As a nation, we are at a pivotal crossroads for immigration policy. And as chancellor at the University of California, Merced, I am acutely aware of the impact that federal immigration policy has on the nearly 600 undocumented students on our campus — the highest percentage of enrollment at any UC campus.
I urge Congress to take this opportunity to resolve the urgent matter of protecting our numerous DACA students, who were brought to this country as children and view America as the only home they have ever known. A compromise that combines permanent protections without harsh restrictions and reasonable border security measures would create a foundation for future immigration reform discussions. The time to do what most Americans agree on is now.
More than a year ago, I brought to the public’s attention a firsthand and heartfelt perspective of the positive impact DACA students have on my university, our state and the nation. As a founding member of the Presidents’ Alliance on Higher Education and Immigration, which has doubled in size in the past year to include over 420 university presidents and chancellors, I have since urged members of Congress to follow through on their pledge to come to a bipartisan legislative solution and enact laws that would extend DACA protections for these young people who contribute so greatly to their communities and our society.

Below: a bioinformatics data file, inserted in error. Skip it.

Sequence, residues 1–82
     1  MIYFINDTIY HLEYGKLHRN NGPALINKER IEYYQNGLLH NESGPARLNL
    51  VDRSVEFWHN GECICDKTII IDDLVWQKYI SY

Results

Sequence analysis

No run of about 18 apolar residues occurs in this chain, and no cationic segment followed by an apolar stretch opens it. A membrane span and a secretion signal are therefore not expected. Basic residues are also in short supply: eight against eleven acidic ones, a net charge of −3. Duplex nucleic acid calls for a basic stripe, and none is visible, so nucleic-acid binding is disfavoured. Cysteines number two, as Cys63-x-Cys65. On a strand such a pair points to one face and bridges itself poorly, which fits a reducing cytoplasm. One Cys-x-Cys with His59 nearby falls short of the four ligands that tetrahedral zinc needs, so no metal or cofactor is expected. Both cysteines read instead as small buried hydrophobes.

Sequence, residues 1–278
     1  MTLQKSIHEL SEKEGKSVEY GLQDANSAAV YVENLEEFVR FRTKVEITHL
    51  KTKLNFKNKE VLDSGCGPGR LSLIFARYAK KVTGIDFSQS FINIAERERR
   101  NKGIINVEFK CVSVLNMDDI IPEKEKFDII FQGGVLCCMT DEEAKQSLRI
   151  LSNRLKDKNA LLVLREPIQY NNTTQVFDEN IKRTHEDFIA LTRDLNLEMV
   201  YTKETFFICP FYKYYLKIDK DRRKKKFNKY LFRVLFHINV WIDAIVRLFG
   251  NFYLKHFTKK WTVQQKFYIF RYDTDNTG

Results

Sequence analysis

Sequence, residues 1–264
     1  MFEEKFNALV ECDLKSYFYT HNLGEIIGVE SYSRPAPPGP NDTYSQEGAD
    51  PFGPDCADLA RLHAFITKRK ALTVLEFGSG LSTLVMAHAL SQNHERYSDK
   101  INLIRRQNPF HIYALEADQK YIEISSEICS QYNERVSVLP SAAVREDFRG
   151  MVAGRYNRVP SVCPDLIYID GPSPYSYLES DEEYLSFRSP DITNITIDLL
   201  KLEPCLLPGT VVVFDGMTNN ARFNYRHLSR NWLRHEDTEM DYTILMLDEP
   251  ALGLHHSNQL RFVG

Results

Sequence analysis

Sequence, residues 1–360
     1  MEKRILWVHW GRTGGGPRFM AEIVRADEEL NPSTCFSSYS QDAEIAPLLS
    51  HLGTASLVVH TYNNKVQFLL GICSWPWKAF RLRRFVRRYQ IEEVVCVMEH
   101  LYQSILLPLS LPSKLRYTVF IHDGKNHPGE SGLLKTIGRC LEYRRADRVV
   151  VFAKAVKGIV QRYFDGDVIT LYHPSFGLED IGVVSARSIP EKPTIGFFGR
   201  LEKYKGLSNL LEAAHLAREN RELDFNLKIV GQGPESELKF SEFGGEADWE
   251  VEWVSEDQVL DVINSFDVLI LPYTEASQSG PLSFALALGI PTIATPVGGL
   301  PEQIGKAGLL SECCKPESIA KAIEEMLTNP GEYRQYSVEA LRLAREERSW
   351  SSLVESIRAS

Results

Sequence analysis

Fast-forward a year: Last week the Supreme Court decided it would not hear the government’s appeal on DACA at this time. While I applaud that decision, the plight of DACA recipients remains urgent, and a legislative solution imperative. As Congress considers permanent solutions to federal immigration policy amid the threat of another federal government shutdown, full and permanent protection for DACA must be included. Only Congress can pass legislation that protects these students from deportation and puts them on a path to citizenship.
These students and their families have endured this uncertainty for too long. These are hard-working and high-achieving young people. Their parents, who in many cases fled to the United States to save their children from dangerous and volatile situations and then raised them here with sacrifice and great love, still face the fear and potential heartbreak of dashed dreams and lost opportunity.
These students fear having their dreams of earning a university degree, of working in a meaningful career, of conducting research in fields that are critical to our society and our world, and of contributing to their communities here in the United States disappear. The pervasive anti-immigrant rhetoric that has permeated political discourse has caused these students to doubt our ability to protect them and deliver on our commitment to provide opportunity for all.
February 8, 2019 San Gabriel Valley Tribune